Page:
Throughout history, the world has been changed time and again by those who have turned outrage into action and stood against injustice, discrimination and violence.
Our founder, Nelson Mandela, was one such person. Throughout his life, he was dedicated to securing freedom and justice in South Africa, a fight which eventually toppled apartheid. Ten years since his passing on 5 December 2013, his bravery remains a source of inspiration for human rights defenders around the world who risk their lives fighting against injustice.
This month also marks the 75th anniversary of the Universal Declaration of Human Rights, a defining global text which set out the promise of a fairer future – the same future at the heart of Mandela’s struggle. As we mark 75 years of the Declaration, we must not forget that universal rights and freedoms can never be embodied and protected by declarations alone; it is people who force change, who claim their rights and who realise their freedoms.
Today, the Declaration’s promise of equality, dignity and justice for all must act not only as an aspiration, but also a rallying call. It is only together - through collaboration, collective organising and bold leadership at all levels - that we achieve freedom and peace.
It is in this spirit that The Elders are engaging in the COP28 climate summit in Dubai this month, where we are calling on leaders to stop funding what is harming us by backing a clear phase-out of fossil fuels, and to develop an urgent, collaborative, multilateral response to the climate crisis.
It was also in this spirit that we as Elders sent an open letter to US President Biden last month on the terrible conflict between Israel and Hamas in Gaza. We urged him to do two things: set out a serious peace plan, and help build a new coalition for peace to deliver it. In this climate of polarisation, we reminded President Biden of his vital role and this historic opportunity to help build permanent peace between Israelis and Palestinians.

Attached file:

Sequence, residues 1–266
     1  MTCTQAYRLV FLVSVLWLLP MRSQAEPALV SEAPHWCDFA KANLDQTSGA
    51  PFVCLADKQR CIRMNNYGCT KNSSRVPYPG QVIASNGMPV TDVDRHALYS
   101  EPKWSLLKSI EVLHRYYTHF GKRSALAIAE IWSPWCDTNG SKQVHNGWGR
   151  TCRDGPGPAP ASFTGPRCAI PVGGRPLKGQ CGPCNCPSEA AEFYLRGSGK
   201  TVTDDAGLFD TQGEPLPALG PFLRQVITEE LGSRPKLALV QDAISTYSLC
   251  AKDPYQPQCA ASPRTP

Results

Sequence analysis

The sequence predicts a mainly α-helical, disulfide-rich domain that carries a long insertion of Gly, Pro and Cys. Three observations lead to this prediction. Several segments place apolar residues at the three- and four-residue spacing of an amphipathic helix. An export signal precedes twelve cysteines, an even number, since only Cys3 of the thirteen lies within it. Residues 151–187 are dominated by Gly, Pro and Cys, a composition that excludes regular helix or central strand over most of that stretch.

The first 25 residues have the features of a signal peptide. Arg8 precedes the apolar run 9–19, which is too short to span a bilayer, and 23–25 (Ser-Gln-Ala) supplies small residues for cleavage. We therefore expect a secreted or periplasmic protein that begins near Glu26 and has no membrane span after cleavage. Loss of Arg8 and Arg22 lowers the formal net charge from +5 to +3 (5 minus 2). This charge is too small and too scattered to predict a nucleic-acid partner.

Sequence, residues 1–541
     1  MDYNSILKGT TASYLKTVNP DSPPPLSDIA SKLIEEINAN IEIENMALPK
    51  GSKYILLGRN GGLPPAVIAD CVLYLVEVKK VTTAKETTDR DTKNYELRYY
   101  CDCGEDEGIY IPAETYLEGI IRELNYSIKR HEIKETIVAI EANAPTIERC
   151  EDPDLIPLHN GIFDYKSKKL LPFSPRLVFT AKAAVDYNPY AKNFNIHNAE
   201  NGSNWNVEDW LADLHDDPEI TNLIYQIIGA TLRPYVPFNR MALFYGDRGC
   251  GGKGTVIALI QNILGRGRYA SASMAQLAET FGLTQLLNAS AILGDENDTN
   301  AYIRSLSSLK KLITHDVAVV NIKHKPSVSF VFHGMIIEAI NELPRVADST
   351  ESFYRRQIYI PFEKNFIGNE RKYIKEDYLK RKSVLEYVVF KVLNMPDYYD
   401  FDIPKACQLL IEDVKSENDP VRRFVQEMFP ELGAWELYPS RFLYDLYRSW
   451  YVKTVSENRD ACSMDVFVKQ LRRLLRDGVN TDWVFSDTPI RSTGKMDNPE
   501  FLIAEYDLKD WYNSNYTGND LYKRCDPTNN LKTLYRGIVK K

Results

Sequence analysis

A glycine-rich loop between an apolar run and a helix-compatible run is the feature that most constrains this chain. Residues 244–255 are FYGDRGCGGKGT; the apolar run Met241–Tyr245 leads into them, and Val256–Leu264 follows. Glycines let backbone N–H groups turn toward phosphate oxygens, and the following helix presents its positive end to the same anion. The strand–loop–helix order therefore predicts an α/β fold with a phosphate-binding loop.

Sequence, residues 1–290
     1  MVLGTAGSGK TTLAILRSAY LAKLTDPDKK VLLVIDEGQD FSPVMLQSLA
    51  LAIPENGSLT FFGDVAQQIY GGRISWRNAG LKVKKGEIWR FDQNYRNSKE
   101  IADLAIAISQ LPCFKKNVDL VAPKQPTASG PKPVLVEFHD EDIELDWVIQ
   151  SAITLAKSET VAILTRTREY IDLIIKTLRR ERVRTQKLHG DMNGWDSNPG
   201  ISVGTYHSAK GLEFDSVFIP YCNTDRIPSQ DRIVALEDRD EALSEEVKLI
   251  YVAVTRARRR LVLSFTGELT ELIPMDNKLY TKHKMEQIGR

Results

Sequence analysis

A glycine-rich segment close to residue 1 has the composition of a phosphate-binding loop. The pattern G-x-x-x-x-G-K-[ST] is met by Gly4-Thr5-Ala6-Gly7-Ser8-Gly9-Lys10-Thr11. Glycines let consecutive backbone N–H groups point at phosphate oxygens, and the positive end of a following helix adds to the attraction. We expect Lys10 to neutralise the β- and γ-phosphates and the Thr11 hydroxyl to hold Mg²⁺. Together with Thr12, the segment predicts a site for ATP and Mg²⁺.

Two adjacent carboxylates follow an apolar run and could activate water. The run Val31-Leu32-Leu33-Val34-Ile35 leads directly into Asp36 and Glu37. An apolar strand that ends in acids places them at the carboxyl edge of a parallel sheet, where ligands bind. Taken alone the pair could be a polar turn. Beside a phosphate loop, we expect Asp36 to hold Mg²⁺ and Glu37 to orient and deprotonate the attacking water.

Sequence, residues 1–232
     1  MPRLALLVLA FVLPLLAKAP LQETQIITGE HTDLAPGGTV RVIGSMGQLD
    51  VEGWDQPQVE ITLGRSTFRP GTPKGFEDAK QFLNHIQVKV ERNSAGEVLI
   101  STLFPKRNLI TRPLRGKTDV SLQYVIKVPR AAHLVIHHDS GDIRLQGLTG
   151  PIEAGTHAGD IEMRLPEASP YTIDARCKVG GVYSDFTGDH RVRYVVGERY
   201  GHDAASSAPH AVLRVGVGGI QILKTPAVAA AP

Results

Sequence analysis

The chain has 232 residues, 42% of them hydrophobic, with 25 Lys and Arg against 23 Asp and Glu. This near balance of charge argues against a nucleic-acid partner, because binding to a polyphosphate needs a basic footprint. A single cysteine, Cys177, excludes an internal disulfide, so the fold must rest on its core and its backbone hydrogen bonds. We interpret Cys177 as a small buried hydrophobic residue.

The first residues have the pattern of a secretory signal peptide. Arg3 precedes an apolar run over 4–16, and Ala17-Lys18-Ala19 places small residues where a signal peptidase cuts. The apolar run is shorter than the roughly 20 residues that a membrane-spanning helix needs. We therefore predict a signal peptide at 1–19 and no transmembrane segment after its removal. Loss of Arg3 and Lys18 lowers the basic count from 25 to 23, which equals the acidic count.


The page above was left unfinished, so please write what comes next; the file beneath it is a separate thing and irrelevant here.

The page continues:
Resolving this decades-long conflict and ending the occupation will require bold leaders with legitimacy and credibility among their peoples, and a commitment to two states living side by side in mutual respect. Such a prospect may seem distant today, although the release of some of the Israeli hostages held by Hamas, and of Palestinian prisoners held in Israeli jails, has offered a glimmer of hope that must be built upon.
I have also been inspired by listening to Israeli and Palestinian civil society groups, together with Mary Robinson and Zeid Ra’ad Al Hussein. We discussed the international failure to protect civilians in Gaza, the escalating settler violence in the West Bank (often with the collusion of the Israeli military), and the wider issues of supporting human rights and justice amid a culture of impunity and political extremism in Israel. We commend the vital work of these groups in the face of intense intimidation.
Throughout my career, I have always drawn energy and hope from the actions of ordinary people who are forging the difficult path towards peace. The world has changed a lot over the last 75 years, but we are still far from the vision of equality and dignity for all enshrined in the Universal Declaration of Human Rights and embodied by Nelson Mandela’s example.
As we push on, we must gain inspiration from our achievements and maintain resilience throughout our setbacks. A more just world is always still possible – and we can create it together.
With thanks for your ongoing support,